I love Alan Jackson’s song about 9/11, “Where were you when the world stopped turning?” and I can relate when he sings, “I’m just a singer of simple songs/I’m not a real political man,” because I’m not very political myself.
Perhaps that’s why I don’t understand the reaction of S.C. Parents Involved in Education (SCPIE) to the Common Core State Standards (CCSS) for English Language Arts, because I’m sure it’s a political reaction. It can’t be about the standards, because I’ve read the standards, and while I’m not a “singer of simple songs,” or a politician, I am an educator, and I know about standards.
We’ve had English language arts standards in South Carolina since 2002 when they were written as part of the South Carolina Educational Accountability Act, which reads: ” the purpose of academic standards is to provide the basis for the development of local curricula and statewide assessment.”
The 2002 English language arts standards were revised in 2006 and became our 2008 standards. All of our academic standards are revised periodically, with seven years being the maximum allowed time between revisions, according to S.C. legislation. As an educator who has taught the 2002 ELA standards and the 2008 standards, I can honestly say that the 2010 Common Core ELA standards are an improvement over the previous standards because they do, in fact, represent “revisions” that are needed in order to prepare our students for the 21st century.
When the State Department of Education conducted a correlation study of the CCSS and the 2008 ELA standards, they found a 94 percent correlation between the two. Does this mean that our 2008 standards were “academically inferior”, as SC Pie has labeled the 2010 CCSS standards for English language arts?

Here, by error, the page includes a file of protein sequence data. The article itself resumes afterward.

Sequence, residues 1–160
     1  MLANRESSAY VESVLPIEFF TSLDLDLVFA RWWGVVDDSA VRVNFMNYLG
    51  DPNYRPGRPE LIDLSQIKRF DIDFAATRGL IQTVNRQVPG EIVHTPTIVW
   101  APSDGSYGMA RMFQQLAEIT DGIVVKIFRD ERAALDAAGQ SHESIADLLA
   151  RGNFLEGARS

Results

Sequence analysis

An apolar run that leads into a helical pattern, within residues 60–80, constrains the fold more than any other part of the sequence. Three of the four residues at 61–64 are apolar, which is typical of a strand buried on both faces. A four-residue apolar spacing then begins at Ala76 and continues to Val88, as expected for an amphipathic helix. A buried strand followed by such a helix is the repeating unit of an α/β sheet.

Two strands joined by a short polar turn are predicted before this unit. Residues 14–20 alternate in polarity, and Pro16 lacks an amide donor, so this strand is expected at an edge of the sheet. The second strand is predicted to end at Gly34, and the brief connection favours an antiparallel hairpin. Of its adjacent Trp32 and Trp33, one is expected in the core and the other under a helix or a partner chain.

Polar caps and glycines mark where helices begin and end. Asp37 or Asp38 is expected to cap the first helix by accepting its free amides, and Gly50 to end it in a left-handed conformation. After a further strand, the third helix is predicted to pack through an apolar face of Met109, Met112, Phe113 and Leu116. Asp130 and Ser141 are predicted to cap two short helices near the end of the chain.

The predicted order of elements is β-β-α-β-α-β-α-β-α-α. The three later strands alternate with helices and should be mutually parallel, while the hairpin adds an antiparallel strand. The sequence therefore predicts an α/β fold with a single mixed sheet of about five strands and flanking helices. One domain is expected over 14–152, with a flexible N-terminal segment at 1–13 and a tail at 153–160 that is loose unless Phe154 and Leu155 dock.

Granted, there were some major shifts in the new ELA CCSS that might cause parents some alarm. One was the inclusion of Speaking and Listening Standards, which had been removed from the 2002 S.C. ELA Standards. Of course we don’t want our students to be effective speakers! What benefits could come from expecting a child to “present claims and findings, sequencing ideas logically and using pertinent descriptions, facts, and details to accentuate main ideas or themes; use appropriate eye contact, adequate volume, and clear pronunciation?”
Another shift in the new ELA standards has to do with reading more complex text. The CCSS expect students to read and comprehend grade-level appropriate texts. Heaven forbid our 9th grade students can read 9th grade texts! This might mean they will be able to read college level texts when they graduate from high school, or technical manuals on the job, typically written at the 1000-1200 Lexile range. And what about our 3rd graders? Shouldn’t they be reading at the 3rd grade level when they finish 3rd grade? Hmmm … that statement sounds vaguely familiar (see SC’s Read to Succeed Program authored by State Supt. Mick Zais).